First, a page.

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Retail's Black Holes

We found the emptiest big-box stores.

Retail's Black Holes

Not many retailers are building big-box stores anymore. In some cases, the cavernous spaces are shuttered, becoming headaches for property owners and the community. Which local big-box stores have been sitting empty the longest?

Local retail real estate brokers anecdotally came up with two contenders:
a former Walmart in St. Anthony and a former Rainbow Foods in Blaine. Both have been empty for more than five years.

The Walmart was part of the Silver Lake Village development built in 2004–05 on the site of the former Apache Plaza mall. Walmart closed the store in 2014 when it opened a new, larger store in Roseville; the 142,610-square-foot space constitutes half of the center’s retail space.

In an email to Twin Cities Business, a media representative said, “Walmart is … actively marketing the space for sublease.” Its lease ends in 2025. But a potential redevelopment could wipe the slate clean. Bloomington–based Doran Cos. has proposed razing the store to build 470 apartments over two phases. Doran has a purchase agreement with Chicago–based Inland Real Estate Group for the site, contingent on city approvals.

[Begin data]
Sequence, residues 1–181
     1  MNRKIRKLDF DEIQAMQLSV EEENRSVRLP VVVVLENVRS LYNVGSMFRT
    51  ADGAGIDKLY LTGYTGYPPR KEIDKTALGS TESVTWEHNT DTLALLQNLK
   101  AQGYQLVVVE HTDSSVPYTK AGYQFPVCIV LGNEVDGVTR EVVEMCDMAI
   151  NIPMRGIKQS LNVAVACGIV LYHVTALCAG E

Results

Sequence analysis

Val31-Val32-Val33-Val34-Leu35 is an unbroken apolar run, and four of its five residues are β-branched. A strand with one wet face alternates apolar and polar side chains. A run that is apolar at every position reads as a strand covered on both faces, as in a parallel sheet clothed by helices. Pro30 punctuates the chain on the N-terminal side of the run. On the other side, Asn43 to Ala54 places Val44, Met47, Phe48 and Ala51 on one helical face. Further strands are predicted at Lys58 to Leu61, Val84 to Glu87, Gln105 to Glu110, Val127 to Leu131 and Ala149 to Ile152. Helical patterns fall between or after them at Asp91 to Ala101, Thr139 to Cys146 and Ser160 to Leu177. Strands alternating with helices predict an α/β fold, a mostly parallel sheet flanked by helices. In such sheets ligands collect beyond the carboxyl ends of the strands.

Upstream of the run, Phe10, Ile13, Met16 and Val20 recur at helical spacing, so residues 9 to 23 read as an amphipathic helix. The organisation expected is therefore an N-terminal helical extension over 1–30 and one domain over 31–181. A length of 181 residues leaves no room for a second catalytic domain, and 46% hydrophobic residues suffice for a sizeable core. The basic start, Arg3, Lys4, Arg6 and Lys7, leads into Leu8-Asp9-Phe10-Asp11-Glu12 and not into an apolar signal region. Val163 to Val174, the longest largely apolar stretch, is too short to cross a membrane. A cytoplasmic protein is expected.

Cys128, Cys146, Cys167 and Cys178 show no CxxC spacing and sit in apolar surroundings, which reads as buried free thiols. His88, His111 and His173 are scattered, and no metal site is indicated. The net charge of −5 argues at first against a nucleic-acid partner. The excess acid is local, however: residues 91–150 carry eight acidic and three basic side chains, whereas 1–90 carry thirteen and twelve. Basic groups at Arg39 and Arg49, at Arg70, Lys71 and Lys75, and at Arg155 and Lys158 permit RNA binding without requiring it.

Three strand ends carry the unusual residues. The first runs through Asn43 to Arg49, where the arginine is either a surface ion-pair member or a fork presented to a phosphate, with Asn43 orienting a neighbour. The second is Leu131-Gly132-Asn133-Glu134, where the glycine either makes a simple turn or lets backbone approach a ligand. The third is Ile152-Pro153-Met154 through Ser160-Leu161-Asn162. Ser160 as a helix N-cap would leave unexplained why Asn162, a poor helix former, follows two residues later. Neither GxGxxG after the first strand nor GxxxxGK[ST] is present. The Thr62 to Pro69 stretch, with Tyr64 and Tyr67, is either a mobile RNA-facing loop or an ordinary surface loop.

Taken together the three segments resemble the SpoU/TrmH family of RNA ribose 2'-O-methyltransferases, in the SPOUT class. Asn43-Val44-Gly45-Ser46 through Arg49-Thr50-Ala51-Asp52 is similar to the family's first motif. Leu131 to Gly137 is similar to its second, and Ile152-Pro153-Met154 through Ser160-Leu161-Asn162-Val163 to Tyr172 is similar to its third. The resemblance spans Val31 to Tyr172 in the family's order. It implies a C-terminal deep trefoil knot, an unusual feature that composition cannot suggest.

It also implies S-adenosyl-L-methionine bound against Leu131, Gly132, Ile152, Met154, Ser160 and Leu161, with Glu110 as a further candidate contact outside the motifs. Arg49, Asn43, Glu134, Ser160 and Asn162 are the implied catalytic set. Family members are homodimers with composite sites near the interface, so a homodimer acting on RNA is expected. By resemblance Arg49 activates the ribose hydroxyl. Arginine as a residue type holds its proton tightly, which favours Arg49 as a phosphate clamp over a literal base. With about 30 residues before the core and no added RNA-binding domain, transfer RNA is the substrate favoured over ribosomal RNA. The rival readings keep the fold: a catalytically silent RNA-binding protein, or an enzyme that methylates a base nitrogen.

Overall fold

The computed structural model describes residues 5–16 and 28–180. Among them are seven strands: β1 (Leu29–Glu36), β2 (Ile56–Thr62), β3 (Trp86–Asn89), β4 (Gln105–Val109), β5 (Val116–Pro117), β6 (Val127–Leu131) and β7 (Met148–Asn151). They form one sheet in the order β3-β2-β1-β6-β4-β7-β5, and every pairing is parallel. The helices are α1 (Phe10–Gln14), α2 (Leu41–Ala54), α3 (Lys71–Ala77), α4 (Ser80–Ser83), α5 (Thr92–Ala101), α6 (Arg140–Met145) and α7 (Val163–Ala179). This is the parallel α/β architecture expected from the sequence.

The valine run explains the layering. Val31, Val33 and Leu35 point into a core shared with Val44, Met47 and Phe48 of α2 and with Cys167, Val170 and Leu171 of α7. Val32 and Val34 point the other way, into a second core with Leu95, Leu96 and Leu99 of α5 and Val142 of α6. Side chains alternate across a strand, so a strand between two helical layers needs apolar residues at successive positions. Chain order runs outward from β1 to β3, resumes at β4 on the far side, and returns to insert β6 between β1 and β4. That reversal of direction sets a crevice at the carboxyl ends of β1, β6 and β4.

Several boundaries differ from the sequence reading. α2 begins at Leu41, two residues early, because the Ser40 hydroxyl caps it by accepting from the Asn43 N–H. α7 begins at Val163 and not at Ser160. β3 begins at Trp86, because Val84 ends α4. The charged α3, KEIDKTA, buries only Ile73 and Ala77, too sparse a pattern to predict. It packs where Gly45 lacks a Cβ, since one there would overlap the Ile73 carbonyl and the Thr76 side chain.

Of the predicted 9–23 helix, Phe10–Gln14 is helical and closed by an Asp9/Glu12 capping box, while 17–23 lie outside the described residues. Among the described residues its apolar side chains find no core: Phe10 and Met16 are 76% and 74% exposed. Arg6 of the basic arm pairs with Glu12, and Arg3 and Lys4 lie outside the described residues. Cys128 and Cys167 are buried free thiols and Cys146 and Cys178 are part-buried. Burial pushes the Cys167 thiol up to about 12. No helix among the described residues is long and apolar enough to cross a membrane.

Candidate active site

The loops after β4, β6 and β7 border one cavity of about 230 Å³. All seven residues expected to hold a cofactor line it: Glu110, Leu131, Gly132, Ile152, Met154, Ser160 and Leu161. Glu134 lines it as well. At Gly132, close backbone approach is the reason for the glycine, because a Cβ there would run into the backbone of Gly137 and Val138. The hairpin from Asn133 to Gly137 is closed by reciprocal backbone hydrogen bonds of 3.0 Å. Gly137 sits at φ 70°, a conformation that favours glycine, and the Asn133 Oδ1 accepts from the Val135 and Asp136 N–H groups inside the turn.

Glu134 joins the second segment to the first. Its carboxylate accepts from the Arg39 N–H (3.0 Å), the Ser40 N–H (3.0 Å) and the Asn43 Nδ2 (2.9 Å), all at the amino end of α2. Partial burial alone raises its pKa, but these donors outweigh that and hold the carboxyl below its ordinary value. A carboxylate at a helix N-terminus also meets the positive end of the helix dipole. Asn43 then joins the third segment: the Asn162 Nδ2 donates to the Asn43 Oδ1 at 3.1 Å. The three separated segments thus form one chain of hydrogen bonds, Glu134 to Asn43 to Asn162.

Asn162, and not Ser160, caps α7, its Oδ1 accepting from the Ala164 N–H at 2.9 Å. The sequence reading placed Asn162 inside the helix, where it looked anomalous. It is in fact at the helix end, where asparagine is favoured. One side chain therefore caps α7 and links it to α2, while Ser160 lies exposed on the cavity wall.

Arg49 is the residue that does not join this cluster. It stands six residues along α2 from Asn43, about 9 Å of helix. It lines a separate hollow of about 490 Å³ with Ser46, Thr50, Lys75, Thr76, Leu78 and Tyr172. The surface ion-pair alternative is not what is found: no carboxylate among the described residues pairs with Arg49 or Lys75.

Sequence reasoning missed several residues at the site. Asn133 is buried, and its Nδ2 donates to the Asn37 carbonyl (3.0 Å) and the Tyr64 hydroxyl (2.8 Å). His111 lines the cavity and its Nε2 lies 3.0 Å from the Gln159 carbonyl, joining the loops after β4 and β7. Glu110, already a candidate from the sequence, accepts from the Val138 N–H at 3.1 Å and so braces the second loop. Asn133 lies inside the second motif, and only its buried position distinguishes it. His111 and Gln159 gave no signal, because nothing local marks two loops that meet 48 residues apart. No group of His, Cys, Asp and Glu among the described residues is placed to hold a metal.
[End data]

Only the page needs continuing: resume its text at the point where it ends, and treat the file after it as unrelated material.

“You’ve got some great adjacent uses,” says Evan Doran, senior director of development for Doran Cos. That includes a Cub Foods, which anchors the remaining Silver Lake Village. If the city green-lights the project, Doran hopes to demolish the Walmart this winter.

A few months after the Walmart closed, a Rainbow Foods in Blaine was shuttered in 2014. “We’ve had very few phone calls on that,” says Erik Thorvig, Blaine’s community development director. “I think one of the issues is just the depth of the space has been difficult for people that have looked at it.”

Thorvig says the site’s ownership has been in flux, a roadblock. The city has floated tearing down the store to redevelop the edge of what is still called Rainbow Village center.

The ultimate solution could echo the likely fate of St. Anthony’s Walmart. “Multifamily housing could be an option,” Thorvig says.

—Burl Gilyard

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